|Surface scenes from "Rubbing Beach Camera" now available!
Here's a message from Dr. Paul Spong.
Please enjoy new images from RB-CAM!
We are pleased to announce that we are now ready to include surface scenes from the "rubbing beaches" inside the Robson Bight Michael Bigg Ecological Reserve
The imagery will come from two cameras. One of the cameras, which can be controlled by us remotely, will show scenes from the "Main" rubbing beach. The other camera will show a fixed wide-angle view of a nearby rubbing beach known as "1.5". We can monitor and display just one camera at a time. In addition to the cameras, we have installed a microphone which allows us to listen to the "blows" of the orcas when they are using the Main beach. Of course, we already have a hydrophone at the Main beach which allows us to hear the sounds made by the orcas underwater.
From a "research" point of view, we believe the mix of sounds and imagery will bring us valuable insights into the way the orcas use the rubbing beaches. From a "public" point of view we also believe that bringing this experience to the world will assist the wider understanding of orcas and the need to protect their special places and vital habitats. The Ecological Reserve at Robson Bight is one of these places, and within it the rubbing beaches have a very special place in the lives of the orcas. That is why the Reserve was created, and why the governments of Canada and British Columbia go out of their way to manage human activities within it
Canada's federal Department of Fisheries and Oceans controls access to the Reserve by commercial fishermen. The government of British Columbia, through its agency B.C. Parks, has for many years operated a "Warden" programme during the summer months that has the objective of educating the public and keeping casual boating traffic from entering the Reserve. No one is permitted to operate a recreational vessel within the Reserve or to land or camp on the shoreline of the Reserve. The only permitted activities are those of commercial fishermen who are allowed to catch fish in the Reserve during the salmon fishing season which runs from July through November. You will see these fishermen at work from time to time. Their activities are "normal" and legal and should not be misunderstood as intrusions.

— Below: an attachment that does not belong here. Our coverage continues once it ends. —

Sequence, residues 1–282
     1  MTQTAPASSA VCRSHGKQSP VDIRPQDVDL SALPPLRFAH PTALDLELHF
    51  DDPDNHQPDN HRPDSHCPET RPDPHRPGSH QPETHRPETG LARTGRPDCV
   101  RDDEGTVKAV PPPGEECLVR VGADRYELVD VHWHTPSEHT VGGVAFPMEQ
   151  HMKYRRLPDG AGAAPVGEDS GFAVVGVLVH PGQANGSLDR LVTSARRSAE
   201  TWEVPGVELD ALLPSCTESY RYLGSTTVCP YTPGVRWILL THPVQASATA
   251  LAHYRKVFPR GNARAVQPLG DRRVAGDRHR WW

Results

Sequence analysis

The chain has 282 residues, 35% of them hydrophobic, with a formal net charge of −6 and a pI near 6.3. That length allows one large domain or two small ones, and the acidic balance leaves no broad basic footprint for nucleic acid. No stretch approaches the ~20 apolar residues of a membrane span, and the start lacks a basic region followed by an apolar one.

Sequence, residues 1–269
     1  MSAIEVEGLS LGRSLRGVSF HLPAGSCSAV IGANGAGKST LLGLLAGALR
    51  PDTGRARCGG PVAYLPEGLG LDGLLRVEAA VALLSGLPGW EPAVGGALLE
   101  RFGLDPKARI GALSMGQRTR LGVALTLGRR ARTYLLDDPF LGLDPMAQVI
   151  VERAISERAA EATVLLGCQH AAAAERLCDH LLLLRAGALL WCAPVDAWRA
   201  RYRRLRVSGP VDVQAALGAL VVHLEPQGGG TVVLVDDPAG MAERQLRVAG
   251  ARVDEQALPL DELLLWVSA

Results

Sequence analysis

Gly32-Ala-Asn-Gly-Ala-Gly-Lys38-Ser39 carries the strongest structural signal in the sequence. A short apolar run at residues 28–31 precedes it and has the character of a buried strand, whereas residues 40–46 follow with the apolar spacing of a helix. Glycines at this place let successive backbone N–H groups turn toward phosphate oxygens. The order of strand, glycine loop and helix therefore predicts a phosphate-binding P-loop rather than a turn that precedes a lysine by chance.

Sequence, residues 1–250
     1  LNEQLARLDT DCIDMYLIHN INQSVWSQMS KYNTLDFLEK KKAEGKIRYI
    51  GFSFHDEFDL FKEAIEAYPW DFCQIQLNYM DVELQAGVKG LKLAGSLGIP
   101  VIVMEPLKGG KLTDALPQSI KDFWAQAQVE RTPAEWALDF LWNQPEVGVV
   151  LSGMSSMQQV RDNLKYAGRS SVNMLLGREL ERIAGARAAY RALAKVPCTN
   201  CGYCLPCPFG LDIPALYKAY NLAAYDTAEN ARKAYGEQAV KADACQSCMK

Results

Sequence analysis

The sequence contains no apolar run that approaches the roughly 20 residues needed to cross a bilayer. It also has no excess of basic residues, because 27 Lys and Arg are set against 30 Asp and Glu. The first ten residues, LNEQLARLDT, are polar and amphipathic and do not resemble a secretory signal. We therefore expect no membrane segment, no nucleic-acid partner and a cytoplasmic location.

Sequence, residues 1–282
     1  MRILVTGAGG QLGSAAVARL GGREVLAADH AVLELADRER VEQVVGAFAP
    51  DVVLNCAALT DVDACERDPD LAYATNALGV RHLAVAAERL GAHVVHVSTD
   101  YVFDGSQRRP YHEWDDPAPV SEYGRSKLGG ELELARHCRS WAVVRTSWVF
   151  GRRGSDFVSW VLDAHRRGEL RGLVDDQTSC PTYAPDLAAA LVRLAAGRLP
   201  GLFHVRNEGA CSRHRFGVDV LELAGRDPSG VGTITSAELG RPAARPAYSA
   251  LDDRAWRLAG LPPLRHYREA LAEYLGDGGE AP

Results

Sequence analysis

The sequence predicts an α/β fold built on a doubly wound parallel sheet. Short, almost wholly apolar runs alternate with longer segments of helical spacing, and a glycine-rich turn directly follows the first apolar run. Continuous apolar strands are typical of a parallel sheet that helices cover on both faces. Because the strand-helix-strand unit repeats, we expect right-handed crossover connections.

Our rubbing beaches camera system, as well as the hydrophones we maintain within the Reserve have been installed with the cooperation of B.C. Parks and are operated under permit. We regard this permission as giving us a great opportunity to gather invaluable data in a non-intrusive manner, and we make every effort to ensure that our activities (system installation and maintenance) do not interfere with the orcas in any way.
We sincerely hope that in sharing what we are observing and experiencing at the rubbing beaches we will be helping to protect the orcas and a vital part of their habitat. We also hope that by revealing the orcas' activities at the rubbing beaches in such intimate detail we will help ensure that the government of British Columbia continues to fund the "Warden" programme operated by B.C.
Parks - this programme is essential to the protection of the orcas that use the Johnstone Strait "core area".
Dr. Paul Spong
|We await your thoughts and impressions.